Urban landscapes of metropolitan regions are subjected to permanent change. This does not take place homogeneously throughout the entire territory but rather captures entire quarters in cycles. Through structural, economic, social or cultural transformation processes, zones formerly regarded as very stable can change within a few years to areas of highly dynamic development – and vice versa. In this way, phases of continual depreciation follow periods of a new materialisation and increasing profit expectations. In past years, such far-reaching changes could be observed mainly in inner peripheries. These are relatively central but no longer profitable or demanded commercial, industrial and infrastructural areas. Additionally, neighbourhoods around centrally located railway systems, red-light districts or run-down homogenously structured residential areas succumb to similar processes or are already about to take on new roles in polycentrically organised metropolises. These quarters are often characterized by intense use of public space and ground floor based activities, such as retail, gastronomy and creative industries. They are usually located in areas with a historic and partly devalued building stock, and with diverse populations. They serve as a springboard for socially climbing groups, such as migrants, students or entrepreneurs, and offer the social niches and networks needed to practice unconventional life styles and ways of working.

The research platform Urban Breeding Grounds at the Chair for Architecture and Urban Design of Prof. Kees Christiaanse investigates the transformation and development of such vibrant, diverse inner-city neighbourhoods in Europe, as well as in Asia via the Future Cities Laboratory in Singapore.

The reciprocal relationship between urban space and locally embedded economies has been in the focus of recent professional discourse. While cities count as resources in terms of space and the diversity of skills, knowledge and experiences, locally embedded economies contribute to the culture of plurality, the possibility of experiencing difference and the intensification of urban everyday life.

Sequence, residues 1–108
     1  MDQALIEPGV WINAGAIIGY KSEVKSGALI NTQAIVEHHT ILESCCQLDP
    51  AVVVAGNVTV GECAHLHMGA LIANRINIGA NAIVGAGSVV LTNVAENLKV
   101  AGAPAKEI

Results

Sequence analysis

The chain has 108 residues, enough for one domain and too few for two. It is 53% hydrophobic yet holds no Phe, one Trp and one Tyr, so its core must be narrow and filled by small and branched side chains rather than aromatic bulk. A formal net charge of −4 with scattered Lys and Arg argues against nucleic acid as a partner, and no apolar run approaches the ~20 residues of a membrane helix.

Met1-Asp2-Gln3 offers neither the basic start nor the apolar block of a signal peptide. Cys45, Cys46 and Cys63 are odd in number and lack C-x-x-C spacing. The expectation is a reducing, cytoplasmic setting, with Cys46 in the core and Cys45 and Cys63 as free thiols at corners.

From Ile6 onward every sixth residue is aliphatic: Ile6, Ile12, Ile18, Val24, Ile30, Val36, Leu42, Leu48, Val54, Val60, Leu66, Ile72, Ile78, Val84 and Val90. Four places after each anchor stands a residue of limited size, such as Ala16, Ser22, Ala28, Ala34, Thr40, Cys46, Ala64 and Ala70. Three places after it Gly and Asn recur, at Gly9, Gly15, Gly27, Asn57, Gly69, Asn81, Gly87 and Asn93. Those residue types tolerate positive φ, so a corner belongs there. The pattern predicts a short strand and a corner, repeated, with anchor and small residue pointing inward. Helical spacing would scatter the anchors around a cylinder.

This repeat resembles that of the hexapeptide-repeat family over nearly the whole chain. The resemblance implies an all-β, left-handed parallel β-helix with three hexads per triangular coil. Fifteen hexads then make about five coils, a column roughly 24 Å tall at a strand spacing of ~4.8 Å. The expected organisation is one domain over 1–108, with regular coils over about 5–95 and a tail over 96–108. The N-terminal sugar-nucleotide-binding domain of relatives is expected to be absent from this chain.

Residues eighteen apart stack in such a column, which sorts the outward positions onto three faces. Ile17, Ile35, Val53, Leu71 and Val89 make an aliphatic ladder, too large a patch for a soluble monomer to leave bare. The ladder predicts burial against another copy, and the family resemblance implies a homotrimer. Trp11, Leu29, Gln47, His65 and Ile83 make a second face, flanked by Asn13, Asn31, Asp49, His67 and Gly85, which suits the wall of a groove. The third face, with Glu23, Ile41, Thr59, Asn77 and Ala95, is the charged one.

The latest research project, Urban Made (2013–2018), is supported by the Swiss National Science Foundation (SNF). The research is based on the central hypothesis that locally embedded economies may play an important role in urban development strategies that eventuate innovation potential for urban neighbourhoods through enhancing their heterogeneity, diversity and exchange. Furthermore, recent transformations in the economy and the means of production have resulted in cleaner processes and smaller enterprises, both of which allow – and demand – integration into urban districts. Through the analysis of best practices and design experiments, as well as their impact assessments, we will develop strategies for embedding small industries through the transformation of urban districts in the outlying areas of Zurich.

This will foster change in the current paradigm of homogenizing neighbourhood development. In cooperation with the Office of Urban Design of the City of Zurich and external experts, will innovative spatial and investment possibilities be sought and tested for types that will diminish potential conflicts between residential and urban manufacturing uses in the urban space. The results will be published in: Urban Made Zurich: Neue Quartiere mit Mischnutzung an Zürichs Stadtrand.